This time, Ryan finds himself getting a promotion thanks to his boss falling ill, just as a crisis explodes around drugs trafficking from Mexico to the US: a friend of the President is killed by the cartels, then exposed as being in cahoots with them. Uh-oh! Behind closed doors, and unbeknownst to Ryan, elements within the government plot to illegally send a super-secret squad into Mexico and kill those so-and-sos. As Ryan investigates the to-do legally, he begins to suspect something else is going on…

Like its predecessor, the story for Clear and Present Danger winds out across multiple threads that aren’t directly connected for quite some time. However, their interrelation is a bit clearer, making the film feel more focused, in spite of its boosted running time. The plot isn’t exactly inspiring, sadly, but it does allow for a few more memorable sequences: an alleyway ambush on an American convoy, with Ryan in the thick of the action (a scenario which is apparently still used to train real troops); and, in a very modern twist, a sequence where Ryan hacks into a corrupt colleague’s computer, while the colleague tries to delete the files Ryan is looking for. Pretty cutting-edge for 1994.

ConfrontationIt’ll come as no surprise that Ryan ends up exposing the nasty conspiracy — which goes as high as the President! But what does a good American patriot do when he finds out the practically-holy President has committed such a sin?! The novel ends with Ryan confronting him… and then deciding not to expose his secret war. Presumably this is thanks to Clancy’s obviously-Conservative political views. “Liberal” Hollywood, on the other hand, has given us a more just — and more satisfying — conclusion. Thank goodness for that.

Though an improvement on its immediate predecessor, I wouldn’t say Clear and Present Danger was quite a stand-out addition to the espionage genre. Following an aborted attempt to restart the franchise eight years later in The Sum of All Fears, and what looks to be another twelve years after that, in last January’s Jack Ryan: Shadow Recruit, perhaps Jack Ryan’s popularity is destined to remain literary.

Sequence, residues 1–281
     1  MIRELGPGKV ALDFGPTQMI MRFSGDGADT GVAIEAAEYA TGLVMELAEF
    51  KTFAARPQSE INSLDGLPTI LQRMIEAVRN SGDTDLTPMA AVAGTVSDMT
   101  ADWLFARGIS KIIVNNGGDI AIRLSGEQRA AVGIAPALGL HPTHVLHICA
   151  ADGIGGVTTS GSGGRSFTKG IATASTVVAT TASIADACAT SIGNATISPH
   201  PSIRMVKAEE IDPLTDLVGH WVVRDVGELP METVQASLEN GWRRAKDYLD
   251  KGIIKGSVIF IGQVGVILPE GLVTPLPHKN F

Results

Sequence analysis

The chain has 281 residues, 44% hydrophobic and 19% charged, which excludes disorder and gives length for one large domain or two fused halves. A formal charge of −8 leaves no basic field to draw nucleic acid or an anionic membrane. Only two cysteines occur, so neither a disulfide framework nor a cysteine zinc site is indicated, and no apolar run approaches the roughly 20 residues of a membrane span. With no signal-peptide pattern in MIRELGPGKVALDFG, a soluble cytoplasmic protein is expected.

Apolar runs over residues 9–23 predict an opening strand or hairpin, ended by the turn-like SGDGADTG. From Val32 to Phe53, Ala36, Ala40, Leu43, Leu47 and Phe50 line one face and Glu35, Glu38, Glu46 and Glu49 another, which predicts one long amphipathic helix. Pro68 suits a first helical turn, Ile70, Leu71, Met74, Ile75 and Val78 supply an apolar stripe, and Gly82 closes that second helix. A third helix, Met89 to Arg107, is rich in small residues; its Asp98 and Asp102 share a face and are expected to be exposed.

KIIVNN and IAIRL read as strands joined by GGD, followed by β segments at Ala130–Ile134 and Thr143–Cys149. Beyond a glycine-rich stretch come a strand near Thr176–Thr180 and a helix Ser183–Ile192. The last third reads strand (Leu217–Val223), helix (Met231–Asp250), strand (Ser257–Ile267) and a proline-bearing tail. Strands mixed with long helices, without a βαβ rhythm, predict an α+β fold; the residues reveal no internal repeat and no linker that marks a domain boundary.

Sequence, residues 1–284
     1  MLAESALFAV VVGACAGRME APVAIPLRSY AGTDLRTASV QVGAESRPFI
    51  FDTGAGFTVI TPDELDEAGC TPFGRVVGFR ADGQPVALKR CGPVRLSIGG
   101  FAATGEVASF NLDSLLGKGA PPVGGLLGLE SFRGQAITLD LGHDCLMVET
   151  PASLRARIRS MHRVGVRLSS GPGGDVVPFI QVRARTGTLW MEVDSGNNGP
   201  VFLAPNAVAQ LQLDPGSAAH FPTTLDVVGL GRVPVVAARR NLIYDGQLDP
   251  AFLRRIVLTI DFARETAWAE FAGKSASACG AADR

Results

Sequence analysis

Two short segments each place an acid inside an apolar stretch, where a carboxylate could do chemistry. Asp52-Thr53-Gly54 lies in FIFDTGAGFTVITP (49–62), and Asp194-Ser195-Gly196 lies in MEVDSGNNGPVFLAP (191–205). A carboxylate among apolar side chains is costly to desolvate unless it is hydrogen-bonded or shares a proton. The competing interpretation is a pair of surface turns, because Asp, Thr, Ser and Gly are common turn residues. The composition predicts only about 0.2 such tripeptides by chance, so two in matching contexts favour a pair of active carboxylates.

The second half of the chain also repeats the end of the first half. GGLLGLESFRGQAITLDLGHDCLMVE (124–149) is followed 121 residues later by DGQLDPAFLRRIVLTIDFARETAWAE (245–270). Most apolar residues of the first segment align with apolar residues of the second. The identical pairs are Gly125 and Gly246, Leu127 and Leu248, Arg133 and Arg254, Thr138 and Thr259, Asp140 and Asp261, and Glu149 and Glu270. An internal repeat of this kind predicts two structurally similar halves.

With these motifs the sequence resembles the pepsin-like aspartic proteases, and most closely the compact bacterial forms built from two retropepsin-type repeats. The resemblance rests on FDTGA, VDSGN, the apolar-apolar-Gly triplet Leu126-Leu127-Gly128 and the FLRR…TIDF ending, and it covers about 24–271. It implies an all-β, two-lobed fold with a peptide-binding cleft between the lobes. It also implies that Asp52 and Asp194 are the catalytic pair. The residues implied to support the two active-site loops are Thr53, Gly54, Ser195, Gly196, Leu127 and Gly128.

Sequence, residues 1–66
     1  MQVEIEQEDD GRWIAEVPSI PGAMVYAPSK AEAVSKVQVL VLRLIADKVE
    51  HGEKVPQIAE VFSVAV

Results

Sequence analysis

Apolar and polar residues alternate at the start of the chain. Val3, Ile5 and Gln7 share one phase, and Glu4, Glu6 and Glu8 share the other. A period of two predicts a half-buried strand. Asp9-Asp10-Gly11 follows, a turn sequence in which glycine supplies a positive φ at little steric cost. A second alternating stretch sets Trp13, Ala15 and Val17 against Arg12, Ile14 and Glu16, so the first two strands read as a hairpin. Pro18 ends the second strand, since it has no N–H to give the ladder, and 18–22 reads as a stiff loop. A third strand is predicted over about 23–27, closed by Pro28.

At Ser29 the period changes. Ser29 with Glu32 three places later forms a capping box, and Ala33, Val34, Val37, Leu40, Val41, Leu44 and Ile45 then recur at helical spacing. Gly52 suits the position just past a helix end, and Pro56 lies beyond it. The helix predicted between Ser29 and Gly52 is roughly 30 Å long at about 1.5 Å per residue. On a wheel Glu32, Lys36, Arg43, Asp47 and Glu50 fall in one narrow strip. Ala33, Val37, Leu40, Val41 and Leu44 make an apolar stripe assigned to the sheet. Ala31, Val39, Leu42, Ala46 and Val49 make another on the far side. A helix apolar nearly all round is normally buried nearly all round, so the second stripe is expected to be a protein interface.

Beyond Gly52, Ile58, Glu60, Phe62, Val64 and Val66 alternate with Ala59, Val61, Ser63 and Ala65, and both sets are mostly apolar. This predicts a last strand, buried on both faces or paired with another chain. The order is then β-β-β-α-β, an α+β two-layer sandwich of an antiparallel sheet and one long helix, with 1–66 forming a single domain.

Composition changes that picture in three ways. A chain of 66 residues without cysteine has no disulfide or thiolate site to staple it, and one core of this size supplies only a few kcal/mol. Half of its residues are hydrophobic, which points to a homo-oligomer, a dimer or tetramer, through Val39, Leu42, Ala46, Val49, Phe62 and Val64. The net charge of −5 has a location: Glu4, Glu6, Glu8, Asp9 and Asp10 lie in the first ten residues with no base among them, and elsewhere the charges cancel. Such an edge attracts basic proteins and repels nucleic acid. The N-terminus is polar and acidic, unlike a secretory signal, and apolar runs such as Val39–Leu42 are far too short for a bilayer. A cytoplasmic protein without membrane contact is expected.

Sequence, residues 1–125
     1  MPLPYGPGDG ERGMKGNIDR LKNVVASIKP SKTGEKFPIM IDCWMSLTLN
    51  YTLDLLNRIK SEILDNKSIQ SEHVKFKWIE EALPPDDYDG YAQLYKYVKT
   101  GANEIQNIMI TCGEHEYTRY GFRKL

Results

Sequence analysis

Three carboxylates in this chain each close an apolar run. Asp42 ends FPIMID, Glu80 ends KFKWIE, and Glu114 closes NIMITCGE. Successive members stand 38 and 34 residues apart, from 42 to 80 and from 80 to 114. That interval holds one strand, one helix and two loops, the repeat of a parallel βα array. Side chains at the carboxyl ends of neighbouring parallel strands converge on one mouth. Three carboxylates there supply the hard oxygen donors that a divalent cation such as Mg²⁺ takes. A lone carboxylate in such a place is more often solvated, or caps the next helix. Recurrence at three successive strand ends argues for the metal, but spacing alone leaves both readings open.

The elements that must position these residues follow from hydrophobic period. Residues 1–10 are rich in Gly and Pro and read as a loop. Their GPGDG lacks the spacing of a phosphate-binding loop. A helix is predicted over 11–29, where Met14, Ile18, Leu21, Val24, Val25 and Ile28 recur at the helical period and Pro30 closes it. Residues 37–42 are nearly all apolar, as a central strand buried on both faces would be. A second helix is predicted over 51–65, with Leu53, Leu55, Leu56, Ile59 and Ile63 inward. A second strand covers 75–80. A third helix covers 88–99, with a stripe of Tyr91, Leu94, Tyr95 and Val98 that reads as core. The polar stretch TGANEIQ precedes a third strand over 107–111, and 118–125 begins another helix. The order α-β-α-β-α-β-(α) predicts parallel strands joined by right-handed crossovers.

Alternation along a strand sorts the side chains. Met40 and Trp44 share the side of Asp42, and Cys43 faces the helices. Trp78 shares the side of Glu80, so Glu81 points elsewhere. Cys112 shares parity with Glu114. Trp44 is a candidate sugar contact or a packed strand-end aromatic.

3 out of 5

Jack Ryan: Shadow Recruit is available on Now TV now and premieres on Sky Movies Premiere this Friday.

Patriot Games (1992)

2014 #53
Phillip Noyce | 112 mins | TV | 2.35:1 | USA / English | 15 / R

Patriot GamesA sequel to The Hunt for Red October in technicalities only (it’s another Jack Ryan adaptation, but he’s been recast; only one actor returns, in fact), Patriot Games is another political/espionage thriller from the pen of Tom Clancy.

On a working holiday in the UK, former CIA analyst Jack Ryan (Harrison Ford) coincidentally thwarts an IRA assassination attempt on members of the royal family, killing one of the assailants. Also among the terrorists was the dead one’s brother (Sean Bean), who sets off on some new terrorising plot that ultimately leads him to the US, where he plans revenge…

That’s more or less a summary, anyway, because Patriot Games is a sprawling tale. Although most of the major characters start off connected by that failed assassination, they soon splinter to go about their business in unconnected sequences, which finally come back together towards the end. To describe it as “novelistic” might be obvious, considering it’s based on a novel, but it’s not been streamlined for the big screen. The 112-minute runtime (PAL) looks speedy by today’s standards, when every blockbuster comfortably passes two hours, but it’s a lengthy narrative from a time when big movies were less overblown and got on with things — tell this amount of story today and you’d probably pass the three-hour mark.

Unfortunately, sometimes it feels like Patriot Games has. Progressing multiple separate narratives gives a disjointed feel, leaving the viewer waiting for it to all tie together in some way. The storytelling is fitfully slow and kind of baggy, lacking pace. Oirish, to be sureThere’s a nasty synth score, just to make things drag more. There are some moments of brilliance though, not least the beautifully-shot boat chase climax. There’s also the dubious joy of seeing Sheffield’s most famous son, Sean Bean, doing an Irish accent. Co-terrorist Polly Walker is English though — twist! Not that her subplot really goes anywhere. Possibly she just couldn’t do the accent.

Amusement comes unintentionally, and mainly thanks to its depiction of the Irish characters. One’s called Paddy O’Neill. No, really. Another seems to spend his time just sat around watching Clannad videos.

Given its pedigree you’d expect Patriot Games to be a classic ’90s thriller. I’ve always been a bit surprised that it’s often around, but not more talked about. Now that I’ve seen it, I see why. Disappointing.

3 out of 5

Patriot Games is on More4 tonight at 9pm. The most recent Jack Ryan movie, Shadow Recruit, is available on Now TV now and premieres on Sky Movies Premiere this Friday.

Tomorrow, I’ll take a look at the second Harrison Ford-starring Jack Ryan adaptation, Clear and Present Danger.